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Los Desaparecidos - "The Disappeared" of Buenos Aires, Argentina - 1976-1983
This article is dedicated to "the disappeared", the lost children of Argentina's "Dirty War", from 1976-1983, who disappeared from their families; and to Las Madres (the mothers) de la Plaza de Mayo and Las Abuellitas (the grandmas) de la Plaza de Mayo, who vigilantly fight everday to restore "the disappeared" to their true biological families.-- suzettenaples
Beautiful, sunny Buenos Aires, Argentina with its lovely tree lined boulevards holds an ugly, dirty, secret. Many of the government, military, and elite of :Argentina have adopted children that really came from a dark time in Argentina between the years of 1976-1983 when the babies and small children of "los desaparecidos" the disappeared, who where snatched off the streets of Buenos Aires, and have never known their true biological families still living in the city. And, the mothers and grandmothers of these babies and small children search vigilantly each day for those snatched children in hopes of being reunited with them one day.
In May 1976, in the capital city of Buenos Aires, Argentina experienced a military junta and coup which imposed a dictatorship government which, in turn. rose up against the leftist and communist sympathizers who were printing their newspapers and brochures and gathering on university campuses to protest and hold rally's against Argentina's government.
From 1976-1983, military soldiers, officers, government officials and the police under the Process of National Reorganization "disappeared" as many as 30,000 people, mostly young Argentineans in their 20's and 30's. This action was justified by the junta "against" a revolutionary insurrection waged by "subversive terrorists."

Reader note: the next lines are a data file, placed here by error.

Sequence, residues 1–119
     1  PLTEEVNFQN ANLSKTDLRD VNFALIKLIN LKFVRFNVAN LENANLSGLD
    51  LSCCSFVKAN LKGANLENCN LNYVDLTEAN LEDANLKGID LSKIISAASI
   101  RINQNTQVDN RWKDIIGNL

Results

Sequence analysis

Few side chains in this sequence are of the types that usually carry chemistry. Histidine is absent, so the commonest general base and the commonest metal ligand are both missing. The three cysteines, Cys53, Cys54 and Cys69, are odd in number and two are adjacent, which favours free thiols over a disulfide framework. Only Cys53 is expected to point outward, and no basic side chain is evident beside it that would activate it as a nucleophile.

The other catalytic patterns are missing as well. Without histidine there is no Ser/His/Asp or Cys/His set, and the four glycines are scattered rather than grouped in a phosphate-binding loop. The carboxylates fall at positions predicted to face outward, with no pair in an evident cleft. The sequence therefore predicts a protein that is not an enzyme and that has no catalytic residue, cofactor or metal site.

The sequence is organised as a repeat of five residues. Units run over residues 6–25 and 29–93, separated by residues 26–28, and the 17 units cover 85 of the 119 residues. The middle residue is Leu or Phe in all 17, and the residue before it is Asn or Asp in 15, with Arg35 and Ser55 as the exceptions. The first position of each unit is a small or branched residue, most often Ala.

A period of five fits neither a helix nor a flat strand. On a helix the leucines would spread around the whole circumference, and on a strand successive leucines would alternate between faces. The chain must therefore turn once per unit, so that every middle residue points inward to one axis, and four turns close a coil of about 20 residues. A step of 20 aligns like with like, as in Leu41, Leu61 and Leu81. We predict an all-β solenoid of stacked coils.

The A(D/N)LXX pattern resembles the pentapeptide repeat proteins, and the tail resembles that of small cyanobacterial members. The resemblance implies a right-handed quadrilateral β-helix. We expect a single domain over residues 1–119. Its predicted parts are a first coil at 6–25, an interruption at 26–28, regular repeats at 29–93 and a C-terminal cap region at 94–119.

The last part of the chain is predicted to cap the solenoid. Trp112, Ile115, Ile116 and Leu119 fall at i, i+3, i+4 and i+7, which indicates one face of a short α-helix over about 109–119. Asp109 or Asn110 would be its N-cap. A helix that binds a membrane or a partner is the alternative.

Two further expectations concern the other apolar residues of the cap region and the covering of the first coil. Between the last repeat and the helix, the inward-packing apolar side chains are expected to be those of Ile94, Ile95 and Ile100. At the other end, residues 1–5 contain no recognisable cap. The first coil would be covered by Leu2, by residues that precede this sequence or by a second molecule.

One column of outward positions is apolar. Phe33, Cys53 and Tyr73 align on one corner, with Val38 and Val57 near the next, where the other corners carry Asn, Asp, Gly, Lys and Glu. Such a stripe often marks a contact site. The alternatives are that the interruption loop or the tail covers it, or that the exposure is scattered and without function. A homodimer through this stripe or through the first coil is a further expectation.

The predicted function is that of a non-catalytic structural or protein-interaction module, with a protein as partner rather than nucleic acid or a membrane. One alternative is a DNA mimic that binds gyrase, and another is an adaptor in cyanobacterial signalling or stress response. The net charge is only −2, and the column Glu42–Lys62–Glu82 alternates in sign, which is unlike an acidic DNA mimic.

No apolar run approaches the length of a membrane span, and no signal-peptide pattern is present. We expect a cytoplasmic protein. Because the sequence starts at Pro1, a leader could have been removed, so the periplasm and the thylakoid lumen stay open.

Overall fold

General Jorge Rafael Videla, the junta's leader, defined anyone a "terrorist" whose ideas were contrary to Western, Christian civilization.
University students and young professionals were rounded up and literally "disappeared" from Buenos Aires and their families. Victims were abducted and kidnapped as they stepped off of buses, walked home from work and school or snatched in midnight raids of their homes. Their families never saw them again.
Approximately 30% of those taken were women who were snatched along with their small children. Three percent of these women were pregnant or became so in detention, usually through rape at the hands of guards and torturers. Pregnant prisoners were routinely kept alive until they had given birth. Sometimes, the mothers were able to nurse their newborns for several weeks or months after giving birth, and then the mothers were killed - murdered by the military regime.